Another noteworthy resource comes from The Charles Simeon Trust, a ministry dedicated to expositional Bible preaching and teaching within the church. I serve on this ministry’s board of directors and have been thrilled to see the growth of their workshops around the country. But it’s their online offering I’d like to highlight here—The Simeon Course on Biblical Exposition—which is growing by leaps and bounds since its launch in 2009, with overwhelmingly positive feedbackThis online course is dedicated to helping preachers, elders, lay leaders, Bible study leaders, interns, seminarians, or the interested layperson get better at studying and teaching God’s Word.

All Simeon Trust curricula are available to both men and women, but there is a track specifically designed for women (including women teachers on video) for the course in literary genre. A great place to start, this track aims to give students the tools and confidence for studying and teaching from any biblical genre: OT narrative, epistles, Hebrew wisdom/poetry, prophetic literature, apocalyptic literature, and Gospel/Acts. In each of the six units, students are guided in textual work, prepared to offer and interact around their own presentations, and provided with study sheets to accompany online videos (some instructions and some model expositions).

It is encouraging to see The Charles Simeon Trust’s aim to help train men and women. Joel Miles, director of training, says the reason for the creation of the women’s track is simple:

We want to see women teach the Bible to one another; we want to help women lead expositional Bible studies; we want to see women who can handle God’s Word well. Many would agree with us concerning the Bible’s teaching of complementarian leadership, but in light of that conviction are asking, “Now what?” Too often women have been tasked with leading and teaching roles but not offered training to lead and teach well. We want to help change that.

These courses are reasonably priced; many churches have helped various groups within their congregations follow a course together. The goal is to help build up the church through aiding pastors’ and church members’ ability to study and speak the Word. I recently heard from someone who works with women’s ministries in her church and who is leading a group through Simeon Trust’s women’s track in literary genre. She originally invited 10 women to study with her, and each of those women brought others along . . . ending with a group of 30, divided into four small groups. These are busy women, so they’re taking the course at their own pace, meeting every other week—and having a great time growing together:

We happen to be finishing up Old Testament narrative right now, learning from excellent instruction to see all the little stories as part of the big story of God’s purpose to bring all things together in Christ. As we’ve begun to dig into what we previously would have considered very familiar Bible stories (Samuel’s birth, Naaman’s healing, Esther’s appeal to King Xerxes), we are beginning to see the amazing shape and depth in these biblical accounts. The stories themselves are dramatic, but the way they are woven together to form part of a bigger story makes the author and main character of that bigger story all the more glorious in my eyes. It makes me want to know him more and help others do the same. . . . Taking a course like this involves work, but it is definitely the most joyful and rewarding hard work I have ever done! (Valori Maresco, Covenant Life Church, Gaithersburg, Maryland)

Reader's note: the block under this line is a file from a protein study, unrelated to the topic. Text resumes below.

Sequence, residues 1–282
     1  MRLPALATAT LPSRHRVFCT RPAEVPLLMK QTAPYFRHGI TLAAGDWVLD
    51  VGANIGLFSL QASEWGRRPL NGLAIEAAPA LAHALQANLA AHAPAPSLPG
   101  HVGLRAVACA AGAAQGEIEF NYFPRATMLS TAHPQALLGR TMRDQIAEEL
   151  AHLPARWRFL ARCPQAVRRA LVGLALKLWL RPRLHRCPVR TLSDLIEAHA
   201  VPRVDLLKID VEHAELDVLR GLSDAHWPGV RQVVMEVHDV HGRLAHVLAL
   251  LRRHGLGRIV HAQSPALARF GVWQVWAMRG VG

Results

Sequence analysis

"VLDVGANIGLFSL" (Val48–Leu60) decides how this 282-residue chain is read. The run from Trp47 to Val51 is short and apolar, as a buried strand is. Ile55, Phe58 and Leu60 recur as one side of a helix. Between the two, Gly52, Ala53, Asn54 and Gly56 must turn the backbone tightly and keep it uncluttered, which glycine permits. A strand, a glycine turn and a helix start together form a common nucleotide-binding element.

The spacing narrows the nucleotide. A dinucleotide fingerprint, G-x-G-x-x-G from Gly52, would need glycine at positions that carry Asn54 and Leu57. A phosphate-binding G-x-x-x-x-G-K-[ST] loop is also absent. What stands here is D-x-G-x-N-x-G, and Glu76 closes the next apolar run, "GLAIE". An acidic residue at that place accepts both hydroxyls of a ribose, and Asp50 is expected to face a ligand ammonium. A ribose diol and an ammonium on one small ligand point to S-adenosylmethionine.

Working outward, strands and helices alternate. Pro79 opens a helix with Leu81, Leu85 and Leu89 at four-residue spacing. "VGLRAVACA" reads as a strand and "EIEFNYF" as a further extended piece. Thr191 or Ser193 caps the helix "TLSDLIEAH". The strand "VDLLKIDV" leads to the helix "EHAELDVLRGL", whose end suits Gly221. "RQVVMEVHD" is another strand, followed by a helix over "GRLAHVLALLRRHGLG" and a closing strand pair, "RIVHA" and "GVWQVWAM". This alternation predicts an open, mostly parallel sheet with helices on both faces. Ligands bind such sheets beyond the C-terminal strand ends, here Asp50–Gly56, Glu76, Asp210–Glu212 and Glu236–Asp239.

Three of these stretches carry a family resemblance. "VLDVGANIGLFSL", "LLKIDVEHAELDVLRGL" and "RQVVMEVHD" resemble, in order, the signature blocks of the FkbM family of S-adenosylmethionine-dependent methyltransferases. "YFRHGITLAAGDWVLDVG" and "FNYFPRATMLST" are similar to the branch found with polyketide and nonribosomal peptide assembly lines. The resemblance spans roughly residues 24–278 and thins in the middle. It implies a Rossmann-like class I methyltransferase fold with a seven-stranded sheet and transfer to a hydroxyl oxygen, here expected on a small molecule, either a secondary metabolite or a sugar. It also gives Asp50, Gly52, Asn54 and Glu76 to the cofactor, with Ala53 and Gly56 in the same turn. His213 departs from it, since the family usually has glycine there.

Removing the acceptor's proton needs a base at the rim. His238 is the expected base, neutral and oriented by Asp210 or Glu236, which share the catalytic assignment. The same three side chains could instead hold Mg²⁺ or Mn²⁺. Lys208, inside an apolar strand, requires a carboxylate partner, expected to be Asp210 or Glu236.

Starting with our local church leaders and stretching virtually across the globe, rich resources are there for us all; I’ve focused on only a few. Many women are involved in all kinds of digging in to the Bible—perhaps joining the growing number of Christians doing one-to-one Bible reading with searching friends or new believers, using the clear and helpful materials available as guides. (For example, see One-to-One Bible Reading by David Helm.) Our main resource, of course, is the Bible itself, which we must read and learn to read. Out of the fellowship of such reading and digging grows deep and personal ministry of all kinds.

Larger Picture

As women pursue such Word work, not only do they grow individually, but the growth they encourage in each other becomes centered and increasingly grounded in the biblical gospel. A strong context of encouragement develops where women are teaching one another the Word and helping each other see what it looks like to follow that Word in the various pathways of life. That encouragement spreads, as Word-centered women are increasingly equipped to spur on those around them profitably and biblically—and to participate wisely in their different contexts of fellowship and study and family and work and witness. The aim is not just the good of women; the aim is the gospel-centered health and growth of the church.

Such Word-based ministry keeps on growing in many places worldwide. Wherever we are, we believing women should encourage such growth, indeed not just for our own well-being but ultimately for the sake of the gospel of Jesus Christ. We’re rich in resources to use and share. We live at a time when the gospel is spreading fast among the nations. Let’s grow together in the Word with the aim of spreading the glory of Jesus right around us in our churches and all around us in our communities and in the church as it grows across the globe.